Council approves new definition for shoreland-zone boundary
Cape Elizabeth is changing the way it determines the boundaries of the shoreland protection zone.
By a 5-2 vote, the Town Council on Aug. 11, 2014 agreed to use tidal elevation, rather than a visual inspection of tidal landmarks, to determine the "normal high water line" of coastal waters. The line serves as the outermost boundary of the shoreland zone. Development is limited within 250 feet of the boundary, and none is allowed within 75 feet.
Following a public hearing, councilors voted to use the value of the highest astronomical tide, plus 3 feet, as the shoreland boundary.
Current town ordinance defines the normal high water line as "That line on the shore of tidal waters which is the apparent extreme limit of the effect of the tides, i.e. the top of the bank, cliff or beach above high tide."
Relying on landmarks to determine the high water line posed a problem for Ben McDougal, who proposed the ordinance change soon after starting as code-enforcement officer here early last year. "During my first five weeks as code enforcement officer, the biggest question for me has been, 'How will I interpret the definition of Normal High Water Line of Coastal Waters?'," McDougal wrote in a memo in March 2013. It could be the top of a bank, which could be 50-80 feet higher than where the tide actually goes. Or, it could be a stain on the rocks, falling far short of where the highest tide actually goes, his memo said.
Traditionally the code-enforcement officer has determined shoreland boundaries case-by-case, but McDougal said this method exposes the town to litigation. "I would recommend that the town have a definition that enables land-use professionals to determine the line based on objective and scientifically sound criteria," McDougal's memo said.
McDougal suggested the town use the highest annual tide elevation, but the Planning Board instead recommended the astronomical tide, measured over 19 years, as more stable and predictable. Adding 3 feet accounts for rising sea levels and storm surge, according to the board's recommendation.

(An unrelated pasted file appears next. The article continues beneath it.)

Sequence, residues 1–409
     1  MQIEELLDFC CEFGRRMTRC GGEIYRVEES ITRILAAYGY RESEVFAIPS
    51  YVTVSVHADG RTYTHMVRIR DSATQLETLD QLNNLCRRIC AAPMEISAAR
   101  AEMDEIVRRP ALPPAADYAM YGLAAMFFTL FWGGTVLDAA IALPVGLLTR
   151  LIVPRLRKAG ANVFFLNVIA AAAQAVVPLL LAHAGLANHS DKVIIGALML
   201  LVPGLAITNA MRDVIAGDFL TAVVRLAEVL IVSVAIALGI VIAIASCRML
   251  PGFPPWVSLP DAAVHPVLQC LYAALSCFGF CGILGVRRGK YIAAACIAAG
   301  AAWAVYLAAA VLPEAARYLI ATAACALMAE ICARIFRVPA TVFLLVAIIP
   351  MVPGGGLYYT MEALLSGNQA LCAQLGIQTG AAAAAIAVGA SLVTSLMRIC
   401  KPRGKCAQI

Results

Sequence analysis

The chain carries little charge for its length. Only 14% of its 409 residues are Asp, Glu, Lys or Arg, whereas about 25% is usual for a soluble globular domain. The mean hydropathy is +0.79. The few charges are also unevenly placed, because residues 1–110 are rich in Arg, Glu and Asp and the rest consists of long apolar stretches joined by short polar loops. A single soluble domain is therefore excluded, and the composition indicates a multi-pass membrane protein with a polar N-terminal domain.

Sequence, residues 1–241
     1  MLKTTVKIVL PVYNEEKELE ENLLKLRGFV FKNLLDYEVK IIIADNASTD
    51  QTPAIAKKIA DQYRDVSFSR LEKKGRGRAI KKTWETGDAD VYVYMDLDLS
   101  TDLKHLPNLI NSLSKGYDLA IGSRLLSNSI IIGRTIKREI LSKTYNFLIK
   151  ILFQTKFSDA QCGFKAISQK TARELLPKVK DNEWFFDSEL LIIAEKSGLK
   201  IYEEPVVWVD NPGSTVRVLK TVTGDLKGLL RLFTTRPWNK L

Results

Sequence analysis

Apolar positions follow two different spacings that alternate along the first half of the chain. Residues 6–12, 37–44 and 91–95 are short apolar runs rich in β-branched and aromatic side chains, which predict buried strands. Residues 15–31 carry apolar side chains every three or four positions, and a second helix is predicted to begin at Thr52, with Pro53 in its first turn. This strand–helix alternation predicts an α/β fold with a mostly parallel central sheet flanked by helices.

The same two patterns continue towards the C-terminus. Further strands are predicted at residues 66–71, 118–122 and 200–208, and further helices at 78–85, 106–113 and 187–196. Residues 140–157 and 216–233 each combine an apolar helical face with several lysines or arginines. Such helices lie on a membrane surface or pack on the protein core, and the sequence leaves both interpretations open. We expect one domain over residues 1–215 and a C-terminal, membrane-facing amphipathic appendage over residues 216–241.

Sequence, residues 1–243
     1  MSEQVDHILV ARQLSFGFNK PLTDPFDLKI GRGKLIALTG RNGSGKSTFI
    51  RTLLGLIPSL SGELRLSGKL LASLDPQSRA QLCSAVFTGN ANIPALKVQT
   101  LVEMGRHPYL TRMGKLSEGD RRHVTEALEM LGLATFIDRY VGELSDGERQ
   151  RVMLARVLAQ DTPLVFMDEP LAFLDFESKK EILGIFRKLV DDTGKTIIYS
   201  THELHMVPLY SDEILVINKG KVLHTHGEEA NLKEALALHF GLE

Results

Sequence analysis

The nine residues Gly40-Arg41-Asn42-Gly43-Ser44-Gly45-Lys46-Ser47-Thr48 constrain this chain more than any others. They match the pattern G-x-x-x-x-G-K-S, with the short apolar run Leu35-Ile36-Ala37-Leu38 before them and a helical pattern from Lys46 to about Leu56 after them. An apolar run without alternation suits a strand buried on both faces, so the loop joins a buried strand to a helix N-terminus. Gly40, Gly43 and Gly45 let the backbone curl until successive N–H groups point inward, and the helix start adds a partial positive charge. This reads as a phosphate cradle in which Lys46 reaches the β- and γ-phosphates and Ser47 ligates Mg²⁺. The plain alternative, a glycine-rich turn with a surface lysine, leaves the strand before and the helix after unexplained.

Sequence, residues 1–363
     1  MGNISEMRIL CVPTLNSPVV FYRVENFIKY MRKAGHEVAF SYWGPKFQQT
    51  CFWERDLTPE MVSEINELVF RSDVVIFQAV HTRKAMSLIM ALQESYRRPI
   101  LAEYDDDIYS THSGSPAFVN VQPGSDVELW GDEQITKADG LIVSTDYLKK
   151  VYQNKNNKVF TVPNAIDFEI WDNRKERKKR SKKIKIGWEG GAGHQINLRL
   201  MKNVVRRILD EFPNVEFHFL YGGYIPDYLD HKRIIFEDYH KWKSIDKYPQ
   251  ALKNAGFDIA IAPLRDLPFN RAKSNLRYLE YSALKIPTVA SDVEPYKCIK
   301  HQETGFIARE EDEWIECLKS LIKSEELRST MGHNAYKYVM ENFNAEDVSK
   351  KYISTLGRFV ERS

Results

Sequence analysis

Speakers at a public hearing Aug. 11, however, said they believed the extra 3 feet might render some properties unbuildable, and asked councilors to provide more information on how the change would affect individual properties. "If it's going to take my property rights as the owner, or diminish those in any way, I would object," said Bill DeSena, whose Wainwright Drive property is near the Spurwink River.
Some speakers with property in low-lying areas objected to adding 3 feet to the normal high water line elevation. "I am concerned that it would go up into my property perhaps prohibit building on to the back side of my house," said Wells Road resident Nancy Ahlsen, whose is also near the Spurwink Marsh. "How far up it would go on my property? Is it going to interfere with my rights as a property owner?"
Other speakers living near higher, rocky shore said the change would weaken current shoreland protection by moving the normal high water line away from the land. Another, Tides Edge Road resident Roy Strunk, said the proposal fails to consider the diversity in Cape Elizabeth's coastline. "I don't know the solution, but I think that 'once-size-fits-all' is not the solution," he said.
The two councilors who voted against the proposal said they were concerned that the new definition might result in a taking of private property. "I'm still concerned with the public comments made tonight that we still need more information," said Councilor Jamie Wagner. Councilor Caitlin Jordan, who also voted against the zoning ordinance amendment, said she was concerned that residents were only just finding out about the proposal; and, that adding 3 feet to the astronomical high-tide measure was unnecessary. "As we saw it's what creates a lot of the concern with the takings," Jordan said.
Other councilors, however, agreed with Councilor Kathy Ray, who said the majority of low-lying properties are already regulated by the town's wetlands laws.
Answering a question from Councilor David Sherman, Town Planner Maureen O'Meara said the town does not have the data required to gauge the effect the new definition will have on individual properties. "Because every single point has to be verified by the code officer standing out in the field saying 'this is the point' ", she O'Meara said. "And that has been the issue the code officer's had, and that's why he came to you in the beginning and asked for something that's clearer," she said.
Along with the new definition of the normal high-water line, the zoning ordinance amendment approved by the council includes language saying that the current shoreland zoning map is based on the best available information, and that all determinations of the shoreland zone boundary will be field-verified.